Foliage desires for new lines...

OK, so here ‘tis. In the Hyde Hall thread, the topic of foliage traits – such as glaucous grey color – and their heritability came up. I’m curious as to others’ experiences in breeding for unusual foliar attributes. Some of the things I was curious about include foliage of species such as, as mentioned, R. glauca, R. fedtshenkoana, petite scotch’s and species of pimpinellifoliae with finely textured foliage, and variegated foliage. (Any other welcome as well…)

Obviously, glossy, or rugose texture, or shape and size of leaves, are inheritable. Variagated coloring seems pretty unpredictable…

What goals do you think worth pursueing and what routes do you think might be effective?

Alas, I have no experience along these lines to contribute!


Since I brought the topic up, I’m happy to respond to Philip’s posting. I appreciate his effort to continue talking about this subject. Hopefully, it will stimulate efforts to develop breeding programs that consider all the shrub’s characteristics and not just flowers. Too much emphasis has been placed on flowers, and as a result the rose is not maximized to its optimum use in the landscape.

I think the consensus would be that Rosa glauca has the most potential to develop hybrids with attractive foliage. Considering its potential, the results to date are very disappointing. The best hybrid to date is ‘Louis Riel’. Its white flowers are an excellent contrast to the reddish foliage. But where are the semi-double, deep pink and red flowers that would be a deadly combination with the foliage? They don’t exist, of course.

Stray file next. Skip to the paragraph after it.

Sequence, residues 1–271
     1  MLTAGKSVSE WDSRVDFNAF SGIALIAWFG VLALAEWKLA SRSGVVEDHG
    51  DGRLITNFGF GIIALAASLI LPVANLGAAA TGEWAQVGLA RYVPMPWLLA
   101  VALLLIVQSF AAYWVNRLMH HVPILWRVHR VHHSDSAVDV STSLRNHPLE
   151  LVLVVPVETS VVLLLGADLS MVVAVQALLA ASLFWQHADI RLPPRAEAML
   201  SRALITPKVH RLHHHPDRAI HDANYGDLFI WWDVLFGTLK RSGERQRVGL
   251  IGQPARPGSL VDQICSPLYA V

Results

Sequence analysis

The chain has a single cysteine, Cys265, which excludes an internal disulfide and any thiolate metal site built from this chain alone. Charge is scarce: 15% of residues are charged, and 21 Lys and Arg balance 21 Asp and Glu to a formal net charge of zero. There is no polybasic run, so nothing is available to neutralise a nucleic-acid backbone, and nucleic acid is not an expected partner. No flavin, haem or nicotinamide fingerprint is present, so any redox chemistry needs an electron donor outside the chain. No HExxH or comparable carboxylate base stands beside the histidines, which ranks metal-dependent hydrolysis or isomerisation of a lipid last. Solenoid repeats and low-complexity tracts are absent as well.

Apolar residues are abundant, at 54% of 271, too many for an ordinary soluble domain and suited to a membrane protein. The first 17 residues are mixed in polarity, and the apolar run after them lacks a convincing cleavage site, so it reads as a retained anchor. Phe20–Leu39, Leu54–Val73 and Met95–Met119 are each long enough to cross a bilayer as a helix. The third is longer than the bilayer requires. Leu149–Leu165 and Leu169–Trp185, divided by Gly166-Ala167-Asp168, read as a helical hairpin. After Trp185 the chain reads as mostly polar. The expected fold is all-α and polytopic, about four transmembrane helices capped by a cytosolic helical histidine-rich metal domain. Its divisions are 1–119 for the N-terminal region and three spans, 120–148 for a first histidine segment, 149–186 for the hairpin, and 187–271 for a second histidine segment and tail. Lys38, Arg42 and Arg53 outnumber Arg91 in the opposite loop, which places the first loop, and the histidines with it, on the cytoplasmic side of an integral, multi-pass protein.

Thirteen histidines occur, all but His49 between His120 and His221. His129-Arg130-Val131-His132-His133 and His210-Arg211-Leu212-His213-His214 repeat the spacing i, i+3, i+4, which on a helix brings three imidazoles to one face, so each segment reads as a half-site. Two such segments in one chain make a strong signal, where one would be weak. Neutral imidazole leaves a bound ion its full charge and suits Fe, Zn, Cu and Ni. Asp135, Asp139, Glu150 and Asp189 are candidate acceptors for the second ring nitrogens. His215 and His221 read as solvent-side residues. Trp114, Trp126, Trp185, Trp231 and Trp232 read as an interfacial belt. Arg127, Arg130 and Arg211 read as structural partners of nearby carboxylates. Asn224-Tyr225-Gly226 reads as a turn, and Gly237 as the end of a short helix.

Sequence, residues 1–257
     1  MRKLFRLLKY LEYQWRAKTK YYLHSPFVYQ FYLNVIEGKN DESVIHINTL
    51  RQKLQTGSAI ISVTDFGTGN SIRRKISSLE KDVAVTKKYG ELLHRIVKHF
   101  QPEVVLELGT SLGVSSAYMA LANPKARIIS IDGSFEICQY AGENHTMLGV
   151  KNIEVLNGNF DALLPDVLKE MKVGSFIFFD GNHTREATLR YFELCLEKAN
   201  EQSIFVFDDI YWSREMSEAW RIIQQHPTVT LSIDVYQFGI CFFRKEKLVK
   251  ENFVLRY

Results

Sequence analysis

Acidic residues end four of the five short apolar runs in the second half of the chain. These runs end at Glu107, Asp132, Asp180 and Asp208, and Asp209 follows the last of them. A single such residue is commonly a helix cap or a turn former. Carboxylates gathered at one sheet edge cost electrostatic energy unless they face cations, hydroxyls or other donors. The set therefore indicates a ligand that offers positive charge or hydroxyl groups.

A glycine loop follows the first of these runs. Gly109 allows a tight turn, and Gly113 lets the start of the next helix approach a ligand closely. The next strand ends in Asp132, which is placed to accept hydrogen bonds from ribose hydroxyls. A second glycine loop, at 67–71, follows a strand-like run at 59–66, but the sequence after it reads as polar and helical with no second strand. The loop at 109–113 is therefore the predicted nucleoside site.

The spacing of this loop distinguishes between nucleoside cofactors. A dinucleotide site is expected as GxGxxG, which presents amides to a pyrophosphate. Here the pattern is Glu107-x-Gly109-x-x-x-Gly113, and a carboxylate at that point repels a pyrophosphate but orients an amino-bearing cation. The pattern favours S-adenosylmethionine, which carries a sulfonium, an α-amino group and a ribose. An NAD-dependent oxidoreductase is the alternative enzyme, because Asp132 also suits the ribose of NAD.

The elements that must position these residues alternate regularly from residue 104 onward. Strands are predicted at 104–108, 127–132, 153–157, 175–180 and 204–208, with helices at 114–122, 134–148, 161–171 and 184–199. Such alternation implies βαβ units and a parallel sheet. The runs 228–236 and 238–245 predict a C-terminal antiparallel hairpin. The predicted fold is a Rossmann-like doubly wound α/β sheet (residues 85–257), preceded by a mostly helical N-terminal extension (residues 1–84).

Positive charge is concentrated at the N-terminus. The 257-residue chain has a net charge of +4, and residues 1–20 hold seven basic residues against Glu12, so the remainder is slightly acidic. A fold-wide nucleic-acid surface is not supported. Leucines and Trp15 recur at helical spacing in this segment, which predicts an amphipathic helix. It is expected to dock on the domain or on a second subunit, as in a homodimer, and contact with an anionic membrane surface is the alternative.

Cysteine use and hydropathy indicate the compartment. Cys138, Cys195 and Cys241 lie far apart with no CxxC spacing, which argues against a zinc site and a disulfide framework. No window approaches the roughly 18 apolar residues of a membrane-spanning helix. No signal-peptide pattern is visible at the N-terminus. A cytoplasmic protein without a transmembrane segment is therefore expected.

In an attempt to develop a Rosa glauca hybrid with red flowers, I did a cross with ‘Park Director Riggers’ and ‘James Mason’. I have three seedlings of the latter cross with light reddish foliage. However, they lack vigour and are not hardy to Zone 3. They haven’t bloomed yet, although they may this year because of the mild winter we had comparable to a Zone 4 climate. It seems there are compatability problems to get vigour in Rosa glauca if the cross is with modern roses. I recall that Isabella Preston had the same problem when she crossed Rosa glauca with ‘Harison’s Yellow’, and of course that cultivar is just a species hybrid.

Another striking combination would be grey foliage and deep pink flowers. This is where Rosa beggeriana, R. fedtschenkoana or Rosa laxa, of course,would come in to a a breeding program. Shrubs with grey foliage, of course, are a neutral colour in the landscape, and when they are without flowers they combine well with other woody or herbaceous ornamentals in the landscape. This is something the breeder should be conscious of when using species with grey foliage.

When considering foliage characteristics in a breeding program, there are five things to consider. Disease resistance, while related and very important I consider a separate issue.

  1. Size

  2. Form

  3. Texture

  4. Colour

  5. Fall colour

It’s unrealistic to have a goal of combining several foliage characteristics. Likely two of the five characteristics would generally be the maximum that could be achieved. The important thing is for the breeder to be conscious of the possibilities, decide on one or more characteristics and then develop a program to achieve it.

I’ve noticed a gray and bluish tone to some of the Dottie Louise X R. Fedtschenkoana seedlings. Using Basye’s Legacy, you’ll also find quite a bit of blue tones in the seedlings. One I raised is very blue. It’s a cross of Yellow Jewel X Basye’s Legacy. It’s quite prickly, grows very angularly and is nearly a ground cover. The flowers are about 2.5", semi double and resemble Little Darling!